What Does the Church Teach About Oral Sex?

Some surprising answers to a common question

In order to explain what the Church teaches about oral sex, one must first be aware of the Church’s teachings on the nature and purpose of all sexual expression.

First and foremost, the Church reserves all sex, including oral sex, for marriage. This isn’t to restrict our natural sexual impulses, but rather to save them for what they were properly intended, namely for procreation of children and to build unity between husband and wife. Pope Benedict spoke openly of his concern that limiting the Church’s attention on sex to “just moral prohibitions” can lead people to “have the impression that the church’s real function is only to condemn and restrict life. Perhaps too much has been said and too often in this direction—without the necessary connection to truth and love.”

While the words “oral sex” do not appear in the Catechism of the Catholic Church, the Church draws directives from its traditional teaching on sexuality to provide guidance. Many people are surprised to hear that even within marriage, the Church makes a distinction between oral “sex” and oral stimulation. If we define oral sex as orally stimulating the male partner to orgasm, then the Church prohibits that even for married couples.

Getting specific

Two books that offer specific insights into the Catholic Church’s teaching on oral sex are Christopher West’s ”Good News About Sex and Marriage: Answers to Your Honest Questions About Catholic Teaching” and Vincent Genovesi’s “In Pursuit of Love: Catholic Morality and Human Sexuality.”

West has sought to make Saint Pope John Paul II’s “Theology of the Body” accessible for a wider audience. He’s written several books and articles on the subject, and in “Good News About Sex,” which is a practical summary of this theology, West offers some instances in which oral stimulation (stimulating genitals but not to the point of ejaculation) is perhaps acceptable within marriage:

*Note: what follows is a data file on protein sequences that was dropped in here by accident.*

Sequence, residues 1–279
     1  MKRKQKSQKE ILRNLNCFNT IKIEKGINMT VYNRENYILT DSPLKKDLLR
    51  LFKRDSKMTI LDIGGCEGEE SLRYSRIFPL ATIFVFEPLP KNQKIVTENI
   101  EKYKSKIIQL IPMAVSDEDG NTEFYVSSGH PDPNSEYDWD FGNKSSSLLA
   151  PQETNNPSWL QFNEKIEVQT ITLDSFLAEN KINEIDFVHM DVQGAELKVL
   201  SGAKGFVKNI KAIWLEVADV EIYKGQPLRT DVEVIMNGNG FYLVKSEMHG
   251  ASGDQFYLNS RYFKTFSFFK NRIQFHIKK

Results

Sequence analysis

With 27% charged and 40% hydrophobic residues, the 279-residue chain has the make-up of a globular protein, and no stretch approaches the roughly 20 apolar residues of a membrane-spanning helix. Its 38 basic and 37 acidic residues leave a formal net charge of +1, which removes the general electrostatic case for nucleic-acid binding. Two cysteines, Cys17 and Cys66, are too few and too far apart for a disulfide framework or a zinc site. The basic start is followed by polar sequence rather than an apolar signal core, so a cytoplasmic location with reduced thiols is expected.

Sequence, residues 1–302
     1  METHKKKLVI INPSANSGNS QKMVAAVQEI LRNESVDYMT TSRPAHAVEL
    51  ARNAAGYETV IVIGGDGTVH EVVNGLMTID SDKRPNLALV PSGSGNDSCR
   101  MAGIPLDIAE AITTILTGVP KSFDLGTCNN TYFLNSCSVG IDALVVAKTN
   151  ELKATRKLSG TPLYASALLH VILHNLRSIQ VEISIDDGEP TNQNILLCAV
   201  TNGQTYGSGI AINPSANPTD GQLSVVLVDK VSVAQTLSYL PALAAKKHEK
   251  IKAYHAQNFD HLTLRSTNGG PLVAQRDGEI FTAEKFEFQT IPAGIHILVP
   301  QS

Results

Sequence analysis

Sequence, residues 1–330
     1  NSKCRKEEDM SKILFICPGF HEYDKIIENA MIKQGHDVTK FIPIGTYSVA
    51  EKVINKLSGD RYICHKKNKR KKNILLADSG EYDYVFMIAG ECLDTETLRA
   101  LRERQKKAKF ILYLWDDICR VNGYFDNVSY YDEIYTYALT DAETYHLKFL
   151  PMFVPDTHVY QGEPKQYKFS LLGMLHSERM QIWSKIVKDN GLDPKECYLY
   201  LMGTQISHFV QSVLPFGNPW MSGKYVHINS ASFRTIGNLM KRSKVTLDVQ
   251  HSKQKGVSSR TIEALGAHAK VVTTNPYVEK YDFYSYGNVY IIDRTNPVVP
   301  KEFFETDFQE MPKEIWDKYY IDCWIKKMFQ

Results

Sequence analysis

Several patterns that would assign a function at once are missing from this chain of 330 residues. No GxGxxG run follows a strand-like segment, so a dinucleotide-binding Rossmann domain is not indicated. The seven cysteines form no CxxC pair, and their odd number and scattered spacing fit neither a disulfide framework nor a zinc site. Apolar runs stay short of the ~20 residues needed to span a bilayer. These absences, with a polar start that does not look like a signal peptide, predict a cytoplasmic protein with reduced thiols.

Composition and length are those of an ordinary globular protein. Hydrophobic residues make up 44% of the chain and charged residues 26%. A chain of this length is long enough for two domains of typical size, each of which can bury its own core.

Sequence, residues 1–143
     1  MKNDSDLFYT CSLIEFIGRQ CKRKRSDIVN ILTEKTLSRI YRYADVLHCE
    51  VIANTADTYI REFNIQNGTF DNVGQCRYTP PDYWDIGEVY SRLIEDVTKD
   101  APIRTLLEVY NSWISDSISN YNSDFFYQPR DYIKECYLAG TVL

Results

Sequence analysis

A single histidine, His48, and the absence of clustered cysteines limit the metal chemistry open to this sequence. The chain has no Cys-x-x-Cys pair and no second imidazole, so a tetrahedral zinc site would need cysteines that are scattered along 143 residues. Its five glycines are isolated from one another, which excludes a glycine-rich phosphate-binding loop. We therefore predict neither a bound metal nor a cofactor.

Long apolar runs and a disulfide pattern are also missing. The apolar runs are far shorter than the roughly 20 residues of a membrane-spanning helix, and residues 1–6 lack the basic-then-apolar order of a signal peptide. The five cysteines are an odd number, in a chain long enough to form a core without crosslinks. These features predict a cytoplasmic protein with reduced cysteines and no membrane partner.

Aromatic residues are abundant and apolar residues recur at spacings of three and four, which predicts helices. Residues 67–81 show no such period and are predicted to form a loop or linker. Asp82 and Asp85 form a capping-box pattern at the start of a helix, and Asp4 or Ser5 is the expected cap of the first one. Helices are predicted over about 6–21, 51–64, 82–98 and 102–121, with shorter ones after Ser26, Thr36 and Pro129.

• Foreplay: If the act of foreplay leads to sexual intercourse where the male climaxes into the female, then oral stimulation is certainly permissible for a couple to engage in within marriage.
  • Orgasm: If a man was able to orgasm during sexual intercourse but his wife did not, he may bring his wife to orgasm after intercourse in whatever way he chooses (manual or oral stimulation). The reverse, however, is prohibited. A man’s orgasm is always tied to his fertility, so, therefore, the Church states that oral sex that would end with a male orgasm outside of sexual intercourse is not permissible. West writes, “Since it’s the male orgasm that’s inherently linked with the possibility of new life, the husband must never intentionally ejaculate outside of his wife’s vagina. Since the female orgasm, however, isn’t necessarily linked to the possibility of conception, so long as it takes place within the overall context of an act of intercourse, it need not, morally speaking, be during actual penetration.”
  • No substitutions, please: Oral sex or stimulation can never be used as a replacement for sexual intercourse, but oral stimulation can be used to lead a couple to vaginal intercourse. Pope Benedict also points couples toward discovering love within sex instead of settling for substitutions for the real thing, stating: “No mechanical technique can substitute the act of love that two married people exchange as a sign of a greater mystery.”
  • Intimacy over arousal: Not every single sexual act, per se, need be procreative, but during the sexual act, there needs to be openness to procreative activity. So, there can certainly be oral stimulation throughout sexual activity within marriage, but if one is using oral sex simply to avoid pregnancy yet achieve orgasms, then one is limiting their sexual union to merely give arousal (sexual stimulation) rather than real intimacy (seeing and being seen for who you are).
  • Premature ejaculation: For something to be sinful, there needs to be both intent and full knowledge of that intention to do evil. If one were to orgasm prematurely (i.e., accidentally) that is not a sinful act. One needs to be mindful of their intention to sin.

The Church teaches that sex within marriage should be a loving expression of unity and openness to procreation. As Pope Francis explains in his apostolic exhortation “Amoris Laetitia,” desire and passion are part of the human experience, and those who enter into marriage together will continue to learn and grow in intimacy together over a lifetime.

Updated July 8, 2020